But the measures to clean up our air or reduce emissions continue to baffle me. We were told we couldn’t have diesel cars, so prices plummeted and jobs were lost. We sold our diesel cars (not to scrap, but to people who liked the idea of a cheap top-end motor) and bought new environmentally friendly ones instead that took a huge amount of energy to make.
At least we save on the congestion charge, something we were told would improve the quality of the air we breathe. Yet our roads are clogged by the school run, minicab apps powering fleets of ghastly Toyota Priuses and belching vans delivering all our internet shopping.
When I was growing up, we walked to school, had electric milk floats deliver milk in reusable glass bottles and turned our bog rolls and washing up liquid bottles into spaceships. Those with money never worried about conspicuous consumption unless their bank account couldn’t cope with excessive spending, travel or new stuff. How times change!
Generation Z is eager to bleat on about how we’re all heading towards extinction, yet the takeaways still come to the door because Netflix can’t be disturbed and Amazon still delivers, creating even more packaging waste because it’s much more convenient. Since Jeff Bezos has set up a $10bn fund to fund climate change action, it’s all fine.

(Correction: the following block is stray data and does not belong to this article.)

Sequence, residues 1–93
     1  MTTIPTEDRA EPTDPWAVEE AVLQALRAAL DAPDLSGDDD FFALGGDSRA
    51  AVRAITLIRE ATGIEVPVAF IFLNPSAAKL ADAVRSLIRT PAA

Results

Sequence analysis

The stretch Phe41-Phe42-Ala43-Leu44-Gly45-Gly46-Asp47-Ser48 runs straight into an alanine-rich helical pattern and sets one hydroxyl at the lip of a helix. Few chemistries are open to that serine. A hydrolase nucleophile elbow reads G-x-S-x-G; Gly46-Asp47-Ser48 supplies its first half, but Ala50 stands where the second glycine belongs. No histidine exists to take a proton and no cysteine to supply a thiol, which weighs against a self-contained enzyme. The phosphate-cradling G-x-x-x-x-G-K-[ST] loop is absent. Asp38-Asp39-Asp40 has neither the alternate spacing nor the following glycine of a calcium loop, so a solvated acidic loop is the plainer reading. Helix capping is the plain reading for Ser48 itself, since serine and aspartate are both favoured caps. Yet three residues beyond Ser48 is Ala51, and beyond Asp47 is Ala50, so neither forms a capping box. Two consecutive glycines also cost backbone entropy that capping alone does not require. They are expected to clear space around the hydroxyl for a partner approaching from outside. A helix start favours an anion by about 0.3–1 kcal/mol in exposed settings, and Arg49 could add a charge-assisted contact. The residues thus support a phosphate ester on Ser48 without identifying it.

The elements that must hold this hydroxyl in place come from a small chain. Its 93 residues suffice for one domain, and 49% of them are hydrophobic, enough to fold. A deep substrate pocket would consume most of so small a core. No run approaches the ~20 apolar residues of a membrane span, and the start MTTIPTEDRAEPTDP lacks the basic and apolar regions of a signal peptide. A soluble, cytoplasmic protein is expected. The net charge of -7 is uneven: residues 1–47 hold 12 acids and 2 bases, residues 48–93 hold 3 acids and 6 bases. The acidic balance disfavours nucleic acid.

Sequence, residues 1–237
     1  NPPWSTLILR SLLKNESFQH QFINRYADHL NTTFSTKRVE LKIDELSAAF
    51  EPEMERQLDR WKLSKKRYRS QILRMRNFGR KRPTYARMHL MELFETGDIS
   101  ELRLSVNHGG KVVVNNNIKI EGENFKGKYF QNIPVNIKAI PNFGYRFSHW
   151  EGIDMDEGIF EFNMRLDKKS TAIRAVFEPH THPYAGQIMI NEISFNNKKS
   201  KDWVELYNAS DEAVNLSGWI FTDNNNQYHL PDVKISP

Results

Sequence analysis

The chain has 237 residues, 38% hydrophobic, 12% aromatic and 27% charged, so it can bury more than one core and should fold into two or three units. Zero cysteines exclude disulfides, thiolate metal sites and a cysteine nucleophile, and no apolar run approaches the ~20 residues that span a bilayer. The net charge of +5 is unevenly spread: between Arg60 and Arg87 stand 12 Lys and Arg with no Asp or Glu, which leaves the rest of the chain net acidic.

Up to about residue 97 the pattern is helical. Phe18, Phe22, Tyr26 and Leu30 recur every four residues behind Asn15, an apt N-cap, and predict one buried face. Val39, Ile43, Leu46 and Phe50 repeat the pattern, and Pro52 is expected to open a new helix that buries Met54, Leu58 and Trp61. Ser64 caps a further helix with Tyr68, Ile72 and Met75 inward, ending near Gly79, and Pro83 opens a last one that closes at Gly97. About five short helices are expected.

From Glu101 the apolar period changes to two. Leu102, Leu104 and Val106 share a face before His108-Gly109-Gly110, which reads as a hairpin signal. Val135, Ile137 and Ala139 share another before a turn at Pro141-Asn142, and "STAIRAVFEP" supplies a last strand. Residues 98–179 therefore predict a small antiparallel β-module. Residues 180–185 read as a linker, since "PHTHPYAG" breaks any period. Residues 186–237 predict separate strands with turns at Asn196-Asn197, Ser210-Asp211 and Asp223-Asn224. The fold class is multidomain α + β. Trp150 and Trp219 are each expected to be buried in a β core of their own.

Meanwhile, plastic packaging is disappearing from everything in the supermarket, leaving customers to juggle loose produce into bags they have to pay for. I always forget to take them with me when I go (I have a life, not a bag for life). And I was getting some ferocious side-eye in Pret the other morning as the only person who wasn’t clutching a mouldy looking cork-covered reusable cup.
As much as I want to resist, perhaps we simply have to agree to implement these futile measures. For now, I think I’ll put half a cow and some potatoes in the oven, light the coal fire and take a chair down to the beach and see if I can stop the tide from coming in.